As I go through the image files on my hard drive, the immensity and volume of the posts on the old iteration of this blog astounds me.
For me, writing, like painting, is a process. I rarely paint the same scene twice, and I would be hard pressed to replicate older posts.
Recently we made a trip to South Mountain in Phoenix. On the road to South Mountain the remains of old buildings catch the eye. The one is a one room store front (pictured) and the other is the walled remains of a house.
“Scorpion Gulch” was built in 1936 by William Lundsford as a trading post, and was operated as a small store until the late 1960’s. The store served as a bar in the 1970’s, and soon after the property was deserted and allowed to fall into disrepair.
Listed on the Historic Register in the 1990’s, and currently the City of Phoenix Parks and Recreation Department has stabilized the walls, and it is open to the public.
In Arizona, there are not a lot of outdoor activities during the summer months, the smart people stay inside in the air-conditioning.
We are not that bright.
We decided to have a barbeque, and sat outside on the patio with the mister going full blast. I installed a mister system a few weeks ago under the eaves of the patio, and even though it has six heads spraying water, the water never hits the ground. The temperatures hovered around 105°.
Liz made her famous potato salad, and we provided ribs. Liz made a batch of guacamole dip, and she picked up a dozen peppers for ten cents each at the produce market which we grilled. Mike and Tami brought the chicken and beer and soft drinks.
Mike has the best recipe for chicken wings on the grill. We purchased a real charcoal grill when we got out to Arizona – mostly because it was cheaper than laying our a couple hundred for a propane grill. I don’t think I will buy a propane grill again – the flavor is so much better with real charcoal briquettes. Continue reading »
Jake’s O Mine, oil on canvas, 8″x10″ $150 (framed)
When we first arrived in Apache Junction, the first drinking establishment I checked out was Jake’s O Mine, a hole-in-the-wall biker dive bar.
There are not too many bars that can boast an on-premises tattoo artist.
Pool table, kick-ass jukebox, live bands that play good old-fashioned Southern-fried rock and roll, and cheap pitchers of domestic draft, this is not a place to go if you are looking to impress. On the other hand, it is definitely the place for a cheap night of drinking and carousing.
Tappan Road Serenade, Oil on Canvas, Private Collection
I uploaded yet another new (old) gallery. The Bay Shore features older work that now resides in personal collections throughout mostly the east coast.
I am an expatriate of New Jersey. Burdensome property taxes, unresponsive bureaucracy, limits on personal freedom and vicious attacks on the constitution by elected officials made it a no-brainer when I decided to relocate. Continue reading »
My website is under voracious attack again by Turkish hackers. I have taken actions to make my install of WordPress über-secure against this brute-force attack.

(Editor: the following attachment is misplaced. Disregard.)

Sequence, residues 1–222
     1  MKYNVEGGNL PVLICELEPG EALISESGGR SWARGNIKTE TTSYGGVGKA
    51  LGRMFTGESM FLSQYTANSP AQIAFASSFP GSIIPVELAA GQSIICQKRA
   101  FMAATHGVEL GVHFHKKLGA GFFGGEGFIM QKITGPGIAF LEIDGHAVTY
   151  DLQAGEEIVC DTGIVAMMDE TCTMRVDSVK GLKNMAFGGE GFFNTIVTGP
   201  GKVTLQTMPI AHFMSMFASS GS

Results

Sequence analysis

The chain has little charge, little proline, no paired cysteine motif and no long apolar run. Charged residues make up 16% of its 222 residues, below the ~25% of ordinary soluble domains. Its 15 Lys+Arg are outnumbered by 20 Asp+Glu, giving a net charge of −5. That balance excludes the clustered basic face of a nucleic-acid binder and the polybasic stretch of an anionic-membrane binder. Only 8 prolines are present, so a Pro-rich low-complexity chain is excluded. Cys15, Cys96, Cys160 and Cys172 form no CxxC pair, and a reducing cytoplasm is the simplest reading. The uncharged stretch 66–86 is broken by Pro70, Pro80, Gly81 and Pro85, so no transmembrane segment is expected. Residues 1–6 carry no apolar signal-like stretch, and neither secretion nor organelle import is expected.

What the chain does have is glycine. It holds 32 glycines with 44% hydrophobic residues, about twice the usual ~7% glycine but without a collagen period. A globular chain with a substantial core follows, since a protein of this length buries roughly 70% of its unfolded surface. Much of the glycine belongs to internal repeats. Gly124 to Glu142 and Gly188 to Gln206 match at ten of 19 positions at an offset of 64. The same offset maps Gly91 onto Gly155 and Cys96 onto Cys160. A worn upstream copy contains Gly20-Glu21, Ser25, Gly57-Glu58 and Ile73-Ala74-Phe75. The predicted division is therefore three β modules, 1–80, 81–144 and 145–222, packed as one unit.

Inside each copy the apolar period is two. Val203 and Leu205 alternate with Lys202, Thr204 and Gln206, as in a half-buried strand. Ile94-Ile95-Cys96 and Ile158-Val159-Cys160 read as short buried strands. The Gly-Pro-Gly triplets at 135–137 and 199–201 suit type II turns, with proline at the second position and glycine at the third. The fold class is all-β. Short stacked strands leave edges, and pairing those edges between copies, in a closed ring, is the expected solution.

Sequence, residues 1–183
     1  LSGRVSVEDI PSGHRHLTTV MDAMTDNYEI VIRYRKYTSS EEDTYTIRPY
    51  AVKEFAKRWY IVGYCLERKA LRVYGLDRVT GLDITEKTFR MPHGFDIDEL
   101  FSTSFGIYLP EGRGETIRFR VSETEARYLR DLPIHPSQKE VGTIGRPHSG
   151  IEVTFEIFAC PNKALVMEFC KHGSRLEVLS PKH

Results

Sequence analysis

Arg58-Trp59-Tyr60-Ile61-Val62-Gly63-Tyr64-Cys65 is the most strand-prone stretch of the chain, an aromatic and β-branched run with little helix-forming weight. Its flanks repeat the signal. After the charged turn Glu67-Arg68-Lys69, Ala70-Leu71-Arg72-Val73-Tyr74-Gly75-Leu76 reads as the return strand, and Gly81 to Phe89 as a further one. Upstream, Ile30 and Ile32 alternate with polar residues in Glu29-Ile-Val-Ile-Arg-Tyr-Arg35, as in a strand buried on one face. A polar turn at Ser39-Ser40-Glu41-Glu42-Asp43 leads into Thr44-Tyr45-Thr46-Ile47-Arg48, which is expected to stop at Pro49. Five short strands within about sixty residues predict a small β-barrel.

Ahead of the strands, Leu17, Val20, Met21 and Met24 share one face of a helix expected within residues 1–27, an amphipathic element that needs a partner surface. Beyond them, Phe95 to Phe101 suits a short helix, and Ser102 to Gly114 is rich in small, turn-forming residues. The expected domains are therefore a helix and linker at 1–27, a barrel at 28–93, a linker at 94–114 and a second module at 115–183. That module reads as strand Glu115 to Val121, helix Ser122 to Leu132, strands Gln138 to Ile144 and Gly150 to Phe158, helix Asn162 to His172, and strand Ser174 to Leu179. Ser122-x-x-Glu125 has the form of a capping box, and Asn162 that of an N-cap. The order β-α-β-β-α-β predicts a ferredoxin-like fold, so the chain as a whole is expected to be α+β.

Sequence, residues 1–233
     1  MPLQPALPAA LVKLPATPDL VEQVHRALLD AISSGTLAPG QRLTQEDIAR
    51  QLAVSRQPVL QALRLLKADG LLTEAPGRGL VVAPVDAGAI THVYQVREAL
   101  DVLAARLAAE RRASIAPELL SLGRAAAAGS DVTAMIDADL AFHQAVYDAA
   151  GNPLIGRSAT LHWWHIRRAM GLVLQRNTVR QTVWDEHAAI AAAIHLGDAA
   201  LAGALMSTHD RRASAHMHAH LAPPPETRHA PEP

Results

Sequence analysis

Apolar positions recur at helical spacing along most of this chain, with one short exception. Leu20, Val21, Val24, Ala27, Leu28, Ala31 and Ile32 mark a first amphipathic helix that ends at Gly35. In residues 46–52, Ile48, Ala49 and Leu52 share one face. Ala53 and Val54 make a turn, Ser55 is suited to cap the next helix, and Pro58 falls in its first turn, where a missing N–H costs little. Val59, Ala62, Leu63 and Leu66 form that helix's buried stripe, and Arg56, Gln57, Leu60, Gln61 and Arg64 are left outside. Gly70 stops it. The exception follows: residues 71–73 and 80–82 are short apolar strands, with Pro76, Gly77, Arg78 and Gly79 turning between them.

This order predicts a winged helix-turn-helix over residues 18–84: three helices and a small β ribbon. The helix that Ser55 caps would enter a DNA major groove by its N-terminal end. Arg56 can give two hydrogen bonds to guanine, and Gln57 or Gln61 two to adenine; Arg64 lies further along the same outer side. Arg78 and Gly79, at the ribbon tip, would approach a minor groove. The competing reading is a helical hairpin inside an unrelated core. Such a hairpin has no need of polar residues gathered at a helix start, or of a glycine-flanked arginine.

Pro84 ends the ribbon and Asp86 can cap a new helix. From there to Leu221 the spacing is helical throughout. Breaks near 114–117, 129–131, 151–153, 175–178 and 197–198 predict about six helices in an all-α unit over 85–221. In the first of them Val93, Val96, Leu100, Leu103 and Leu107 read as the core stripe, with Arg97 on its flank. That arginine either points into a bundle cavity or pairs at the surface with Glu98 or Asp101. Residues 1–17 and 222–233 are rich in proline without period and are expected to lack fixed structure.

If the site seems sluggish to you, or you get strange errors when you try to access, it is due to this netbot attack made possible by idiots that do not secure their computers with a valid and up-to-date anti-virus program and practice safe web-surfing.
Brought to you by morons that click on attachments to emails that come from unverified sources, believing that somehow magically some unknown person is giving them millions of dollars.
Anyhow – in order to thwart these scumbag Turks I removed critical files from my WP install – basically crippling functions from the back-end that make it easier for me to use. Continue reading »
Filly’s Roadhouse is a local tavern on the outskirts of AJ, near the base of the Superstition Mountains.
By the name, you know this is a honkytonk bar.
I have been spending as much time in the studio as possible – but when the temps hover at 115° as they have this week, the window unit air conditioner fights to keep the temps in the studio at a comfortable level. The nice thing about the high temps and low humidity are that the oils dry quickly and I can continue working in finer detail than I am used to.
The current one has a little way to go – it is not quite done, but I am getting there.
Yes, all of my paintings are for sale. One of the difficulties of relocating faced by the artist is building a new clientele.
The web design business is no big deal – this is the information age were communication possible no matter where you are in the world. Even when I lived in the same state as half of my clients we rarely ever had to meet in person.
But selling art is an altogether different bird. Collectors like to know the artist, even if it is merely in a capacity as an acquaintance. Back east, I had an assortment of collectors, and it was rare for a painting, once off the easel, to sit around the studio for more than a couple months. Suffice to say, that is not an issue here in AZ.
I am starting from the ground up, getting involved with the local artist communities and looking for venues to exhibit. In addition to my well known bar series, I have been painting quite a few desert landscapes. This was the first of the series, and I was – still am – experimenting with style and trying to find my way.